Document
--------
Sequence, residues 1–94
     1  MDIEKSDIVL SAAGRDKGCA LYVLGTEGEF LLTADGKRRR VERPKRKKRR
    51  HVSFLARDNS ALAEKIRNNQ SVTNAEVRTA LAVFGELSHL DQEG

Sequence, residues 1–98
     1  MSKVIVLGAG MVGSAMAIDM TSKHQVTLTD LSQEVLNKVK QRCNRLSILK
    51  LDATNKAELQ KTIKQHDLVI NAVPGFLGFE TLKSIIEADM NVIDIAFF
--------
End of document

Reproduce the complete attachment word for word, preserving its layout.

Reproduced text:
Sequence, residues 1–94
     1  MDIEKSDIVL SAAGRDKGCA LYVLGTEGEF LLTADGKRRR VERPKRKKRR
    51  HVSFLARDNS ALAEKIRNNQ SVTNAEVRTA LAVFGELSHL DQEG

Sequence, residues 1–98
     1  MSKVIVLGAG MVGSAMAIDM TSKHQVTLTD LSQEVLNKVK QRCNRLSILK
    51  LDATNKAELQ KTIKQHDLVI NAVPGFLGFE TLKSIIEADM NVIDIAFF